Mobile payments, says Chen, is a "multi-sided network problem." And it's ultimately all about one thing. "It's all about managing risk," he says. "People are taking a risk in moving money around." Everyone involved consumer, retailer, bankers, payment network vendors, all need to feel "comfortable" and secure, he says.
With beacons, merchants can communicate with a mobile device, launching a process that creates a secure handshake with the device, and authenticates the user. Unlike NFC, which requires the phone and reader to be touching or nearly touching, BLE lets this take place over a much greater distance, without the need for buying an NFC-equipped phone or adding NFC readers at the point of sale.
Ganga speculates that Apple can use its existing data about who you are— your Apple ID, your registered iOS device and credit card data — and combine it with in-store data about where you are, in order to facilitate mobile payments.
"Apple knows who you are," he says. "If you're at Walmart, the store knows [via iBeacon] where you are. You already have an Apple account, with a credit card. If you're buying clothes at Walmart, you can use this existing infrastructure as a payment conduit. Apple doesn't need to re-invent the wheel."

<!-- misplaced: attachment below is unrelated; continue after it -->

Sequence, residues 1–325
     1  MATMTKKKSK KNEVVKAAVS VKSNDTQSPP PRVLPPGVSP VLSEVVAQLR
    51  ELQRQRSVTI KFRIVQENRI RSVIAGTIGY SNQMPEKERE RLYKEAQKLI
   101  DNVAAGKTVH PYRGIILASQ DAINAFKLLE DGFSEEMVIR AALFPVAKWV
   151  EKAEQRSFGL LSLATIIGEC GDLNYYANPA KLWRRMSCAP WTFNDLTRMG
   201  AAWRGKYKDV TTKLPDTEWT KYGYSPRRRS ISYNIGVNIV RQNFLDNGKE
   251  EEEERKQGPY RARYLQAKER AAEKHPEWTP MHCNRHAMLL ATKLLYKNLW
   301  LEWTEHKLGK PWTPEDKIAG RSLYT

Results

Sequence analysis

There are plenty of challenges. Already privacy advocates are raising fears about the kind of data retailers and others might collect, and how they might use that data. Beacon infrastructures are so new, there are a range of potential vulnerabilities, according to Ty Rollin, CTO for Mobiquity, a mobile solutions firm. He has a recent blogpost on the results a series of tests the company ran to assess beacon weakpoints.
They include: lack of management and visibility into the beacons themselves; some beacons may be vulnerable to spoofing or cloning; too many beacons can interfere with each other; consumers could end up coping with a barrage of signals, and messages, and quickly classify all of them as "spam."
All the iBeacon experimentation and predictions can't hide the ultimate risk for retailers who try to exploit the technology.
"If you alienate a customer, it's very, very hard to get them back," says DMI's Ganga.
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